Climate bonds are a subset of green bonds that provide investment directly to mitigation and adaptation projects. The green bond market totals approximately US$36 billion, and it is only a small subset of the larger climate-themed bond universe, which adds up to approximately US$503 billion. Hodges highlighted the fact that this is a small portion of the US$80 trillion in total global assets under management. D’Olier-Lees explained that the climate bond markets would have a larger share of the total available investment assets if climate investment opportunities were clearly presented to funders in a language they understand and with assurances that the investments meet their requirements and interests.
The concept of creating standards for the climate bond market has recently been debated. Specifically, there are valid concerns that creating standards would slow down the climate bond market. According to d’Olier-Lees, the definitions within standards can be quite contentious. Therefore, it is important that they are well-researched and transparent to discourage perverse incentives and ensure that climate investments are effective.
Kidney sees standards as providing a great opportunity to help investors understand very complex assets. He highlighted that the challenges and opportunities presented by creating standards for climate bonds are not unique to that sector; in other words, they occur in other markets. The key value that standards would bring to climate bonds is allowing investors to get an apples-to-apples comparison of investment opportunities, which d’Olier-Lees highlighted, is the direction the market needs to go.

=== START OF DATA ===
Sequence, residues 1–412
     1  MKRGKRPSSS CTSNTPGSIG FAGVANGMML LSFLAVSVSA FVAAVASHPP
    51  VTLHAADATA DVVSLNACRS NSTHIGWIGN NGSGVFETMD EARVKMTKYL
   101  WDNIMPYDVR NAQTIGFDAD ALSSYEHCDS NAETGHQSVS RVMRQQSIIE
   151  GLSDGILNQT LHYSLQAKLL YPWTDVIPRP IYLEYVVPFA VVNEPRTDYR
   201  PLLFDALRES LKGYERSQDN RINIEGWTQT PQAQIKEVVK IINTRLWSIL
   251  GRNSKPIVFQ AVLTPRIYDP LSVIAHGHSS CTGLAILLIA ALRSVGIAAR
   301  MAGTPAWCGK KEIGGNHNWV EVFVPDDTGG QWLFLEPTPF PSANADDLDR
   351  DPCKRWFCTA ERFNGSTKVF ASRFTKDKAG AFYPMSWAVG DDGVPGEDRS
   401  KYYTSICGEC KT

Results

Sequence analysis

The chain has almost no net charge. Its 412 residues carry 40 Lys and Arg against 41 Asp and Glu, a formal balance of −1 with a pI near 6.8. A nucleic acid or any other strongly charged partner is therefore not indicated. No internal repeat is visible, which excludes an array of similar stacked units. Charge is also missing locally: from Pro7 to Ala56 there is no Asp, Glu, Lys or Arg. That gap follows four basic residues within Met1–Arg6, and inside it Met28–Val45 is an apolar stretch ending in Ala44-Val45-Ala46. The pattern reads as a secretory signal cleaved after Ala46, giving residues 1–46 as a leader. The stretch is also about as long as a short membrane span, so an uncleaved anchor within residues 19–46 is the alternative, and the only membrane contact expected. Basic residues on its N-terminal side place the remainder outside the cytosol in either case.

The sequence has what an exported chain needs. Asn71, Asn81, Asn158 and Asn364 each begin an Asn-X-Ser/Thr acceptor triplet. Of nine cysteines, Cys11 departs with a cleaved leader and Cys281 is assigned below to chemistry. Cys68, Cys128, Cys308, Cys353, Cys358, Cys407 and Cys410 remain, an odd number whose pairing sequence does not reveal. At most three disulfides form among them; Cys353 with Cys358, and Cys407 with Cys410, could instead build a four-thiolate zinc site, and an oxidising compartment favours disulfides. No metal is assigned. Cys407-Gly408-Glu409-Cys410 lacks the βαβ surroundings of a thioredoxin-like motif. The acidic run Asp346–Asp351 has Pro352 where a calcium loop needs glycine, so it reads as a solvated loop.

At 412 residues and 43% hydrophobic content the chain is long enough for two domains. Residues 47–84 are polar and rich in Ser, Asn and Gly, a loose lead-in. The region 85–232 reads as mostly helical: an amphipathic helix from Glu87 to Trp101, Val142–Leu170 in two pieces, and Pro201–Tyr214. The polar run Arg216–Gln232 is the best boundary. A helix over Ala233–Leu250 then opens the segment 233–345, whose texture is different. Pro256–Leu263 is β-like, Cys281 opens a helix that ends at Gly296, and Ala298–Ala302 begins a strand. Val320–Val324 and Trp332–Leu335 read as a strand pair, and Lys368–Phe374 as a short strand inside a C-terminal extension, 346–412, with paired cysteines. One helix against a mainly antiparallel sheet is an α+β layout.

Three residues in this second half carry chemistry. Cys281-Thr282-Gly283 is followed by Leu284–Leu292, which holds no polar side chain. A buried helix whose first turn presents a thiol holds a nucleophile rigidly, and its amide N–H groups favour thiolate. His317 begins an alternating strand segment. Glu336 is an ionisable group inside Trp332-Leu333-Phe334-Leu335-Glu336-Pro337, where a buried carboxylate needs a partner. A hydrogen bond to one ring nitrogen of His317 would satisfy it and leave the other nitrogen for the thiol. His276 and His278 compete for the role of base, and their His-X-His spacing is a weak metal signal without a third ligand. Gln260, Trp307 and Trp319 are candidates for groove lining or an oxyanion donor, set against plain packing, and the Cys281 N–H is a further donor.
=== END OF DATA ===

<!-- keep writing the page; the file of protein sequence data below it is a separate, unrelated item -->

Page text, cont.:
The Role of Nonfinancial Corporates
Nonfinancial corporates should view the climate bond market as a promising opportunity, not only for investment, but also to sell the products, services, and technologies needed to create a climate-smart world. The energy sector is an important part of climate investment discussions, as well as both property and transportation bonds.
Corporations should also see the climate bond market as an opportunity to promote climate-safe projects that carry a much lower investment risk and less uncertainty. With this in mind, potential investors should engage experts, such as those from the Climate Bonds Initiative, to gain a better understanding of what climate bond products are available and which ones might best suit their investment priorities. Green bond benefits include diversifying investors, deepening investor engagement (also known as stickiness), cultivating reputational benefits, and supporting longer tenure. Through the Climate Bonds Initiative, Kidney hopes to achieve price parity with other bonds in the market, and perhaps eventually secure a price premium.
During the Q&A, a participant asked about the most significant obstacle to growing the climate bond market. The panelists pointed out that this market has grown tremendously in recent years, and they said that the focus is on getting governments and local communities to put in place the policies, planning, and initiatives necessary to advance projects that will attract climate bonds. In addition, the market needs more informed corporations that can actively support and participate in climate investment opportunities.
November 4, 2014